Choosing a Private School
Choosing the right private school for your child is a lengthy process. I want you to achieve the success which you deserve without making these common mistakes other parents have made.
1. Choosing a school which is not a good fit
You know your child better than anybody. Never forget that as you begin the process of choosing a school for your child. As you look at school websites, don't be distracted by those beautiful, professionally-produced presentations. Schools will show you what they want you to see. That's not a bad thing; however, those websites may not necessarily address your specific needs and requirements. Many times during the process of researching schools you will receive false positives. It's hard not to be impressed by beautiful photos of a campus and its buildings, particularly if it is an older school with impressive grounds and architecture. But don't the cosmetics take your attention away from what is truly important, namely, the curriculum, the sports programs, and the extracurricular activities. Always be asking yourself "How does School X blend these three important components so that my child will benefit from attending this school?" As Geri Coleman Tucker wisely observes in 5 Mistakes Parents Make When Picking a School, "Sure, you want to pick a school that is clean and attractive, with all the newest technology. But remember that looks aren’t everything. Some schools might not have the latest and greatest equipment. But they have engaged and well-trained teachers who can
In the following video the students of Marlborough School, Los Angeles, describe why they like their school so much and show us some of the activities.
When you plan your children's summer, you are giving yourself two gifts. The first is engaged, active, happy children. The second gift is the comfort of knowing that you are expanding their knowledge in an informal, supervised learning situation.
When I was growing up, my parents decamped every summer from Montreal to the shores of Lac Saint Louis about 30 miles west of the city. They rented a cottage across the road from the lake. We took swimming and sailing lessons at the Woodlands Yacht Club, helped with the large garden which provided vegetables and flowers during the short Canadian summer. It was idyllic and safe. The routine was pleasant and predictable. My parents were not rich. In the 1950s a lower-middle-class family of seven could make summers like the ones I have described above happen for a very low cost. Fast forward to the 21st century, that's essentially what the summer camps and summer schools which have sprung up over the past forty years do, namely, to provide an activity-filled day in a safe, well-supervised environment.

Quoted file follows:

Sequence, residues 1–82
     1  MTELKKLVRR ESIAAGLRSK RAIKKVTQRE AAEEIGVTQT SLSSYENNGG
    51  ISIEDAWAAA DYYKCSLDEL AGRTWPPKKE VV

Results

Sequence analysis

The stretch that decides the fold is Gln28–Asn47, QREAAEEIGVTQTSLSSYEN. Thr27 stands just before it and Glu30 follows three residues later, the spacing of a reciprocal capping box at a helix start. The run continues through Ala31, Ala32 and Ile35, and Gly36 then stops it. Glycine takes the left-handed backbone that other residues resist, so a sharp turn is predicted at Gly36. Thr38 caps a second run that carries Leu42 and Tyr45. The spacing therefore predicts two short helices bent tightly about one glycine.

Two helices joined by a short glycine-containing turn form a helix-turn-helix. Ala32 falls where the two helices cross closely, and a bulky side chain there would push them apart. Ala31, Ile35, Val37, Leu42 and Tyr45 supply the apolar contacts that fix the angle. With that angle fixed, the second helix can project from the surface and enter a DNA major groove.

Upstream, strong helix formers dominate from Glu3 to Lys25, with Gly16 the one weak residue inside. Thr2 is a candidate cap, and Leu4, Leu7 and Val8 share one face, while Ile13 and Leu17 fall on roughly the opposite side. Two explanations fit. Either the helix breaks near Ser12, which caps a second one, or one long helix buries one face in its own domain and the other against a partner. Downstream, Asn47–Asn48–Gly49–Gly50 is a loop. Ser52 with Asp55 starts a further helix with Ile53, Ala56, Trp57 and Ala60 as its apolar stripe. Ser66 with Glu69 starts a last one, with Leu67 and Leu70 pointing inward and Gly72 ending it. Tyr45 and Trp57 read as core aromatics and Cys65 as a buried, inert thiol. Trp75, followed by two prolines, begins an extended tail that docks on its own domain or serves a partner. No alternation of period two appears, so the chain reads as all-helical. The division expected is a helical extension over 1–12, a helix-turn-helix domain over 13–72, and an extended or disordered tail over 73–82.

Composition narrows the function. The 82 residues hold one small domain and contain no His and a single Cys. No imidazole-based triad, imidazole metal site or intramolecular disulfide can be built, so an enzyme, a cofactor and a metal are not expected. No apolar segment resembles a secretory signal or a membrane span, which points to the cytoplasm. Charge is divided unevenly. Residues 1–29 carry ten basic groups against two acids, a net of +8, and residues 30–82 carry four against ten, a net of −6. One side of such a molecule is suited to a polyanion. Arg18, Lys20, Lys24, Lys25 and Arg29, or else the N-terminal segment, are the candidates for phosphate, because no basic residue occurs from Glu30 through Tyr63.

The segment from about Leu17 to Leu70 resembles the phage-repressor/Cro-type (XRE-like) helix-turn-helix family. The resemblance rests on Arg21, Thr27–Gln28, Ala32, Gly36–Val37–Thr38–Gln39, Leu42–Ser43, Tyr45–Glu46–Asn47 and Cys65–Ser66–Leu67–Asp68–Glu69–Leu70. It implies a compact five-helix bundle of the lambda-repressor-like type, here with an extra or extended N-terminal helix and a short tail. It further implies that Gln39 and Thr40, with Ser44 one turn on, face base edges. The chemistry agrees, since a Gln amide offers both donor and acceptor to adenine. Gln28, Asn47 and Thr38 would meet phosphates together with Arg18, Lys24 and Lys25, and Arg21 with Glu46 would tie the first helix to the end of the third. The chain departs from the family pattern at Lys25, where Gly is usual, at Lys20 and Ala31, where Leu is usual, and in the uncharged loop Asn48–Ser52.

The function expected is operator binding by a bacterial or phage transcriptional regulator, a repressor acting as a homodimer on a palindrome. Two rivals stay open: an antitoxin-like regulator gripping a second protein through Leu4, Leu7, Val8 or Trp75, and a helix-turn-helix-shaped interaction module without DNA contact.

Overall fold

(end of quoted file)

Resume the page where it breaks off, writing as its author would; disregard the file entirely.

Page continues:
The most important caveat when it comes to selecting a summer program is to make certain that you understand all aspects of what is involved. Know everything about the quality of the activities, the supervision, snacks and meals, and all the other details. Assume nothing. Most schools and churches which run summer camps will be happy to answer your questions.
Now let's look at some of the options available to you at various
Having raised four children of my own and taught hundreds of others, I always tease new parents about the reality that our children come into our lives without any operating instructions. A smart TV comes with exhaustive instructions on how to set it up and operate it. Your new baby comes with nothing. Much assembly is required. Consequently, we parents have to be constantly vigilant. We must always be aware of how our children are developing from birth until they leave their home. Truthfully, even when they have left home, we keep an eye on them from a distance, don't we?
The purpose of this article is to give you some starting points so that you can explore the subject of learning disabilities thoroughly and efficiently. I have linked to a wide range of sources so that you are exposed to many points of view and expertise. You owe it to yourself and to your child to be fully aware and informed.
As your child develops, you will be watching her development closely. Parenting and Psychology Today are two of hundreds of websites which you have probably already bookmarked as you began your journey as a parent. You and your family doctor will have discussed your child's progress during your regular visits. That's one of the first places you need to go to confirm any concerns you might have. Have a list of questions to ask your health professionals. Having said that,
You have been thinking about private school for your child for some time now. Finally, you have decided to proceed. Naturally, you will have many questions about how to organize your school search process. Here are some answers to your questions about when to tackle the various steps in the school search process. I hope this will help you plan and execute the process efficiently and with a minimum of angst. If you want more detail on any aspect of the search process, start with How To Search For Schools.
When do you send your child to private school?
At what age to send your child to private school depends on several things. The first thing which you need to consider is the quality of the education available in your local public schools. No matter what grade you are thinking about, start with that consideration first. This step requires you to do some serious research and due diligence. Don't skip this research.
Begin with the school's reputation. You may have heard good things about a particular public school in your area. That's a start, but take time to look carefully at the school profiles in sites such as Great Schools. Videos posted on YouTube by private schools will give you a useful point of comparison. Here is an overview of teaching Spanish at The Rectory School.
Then, the next step is to visit the school in person. You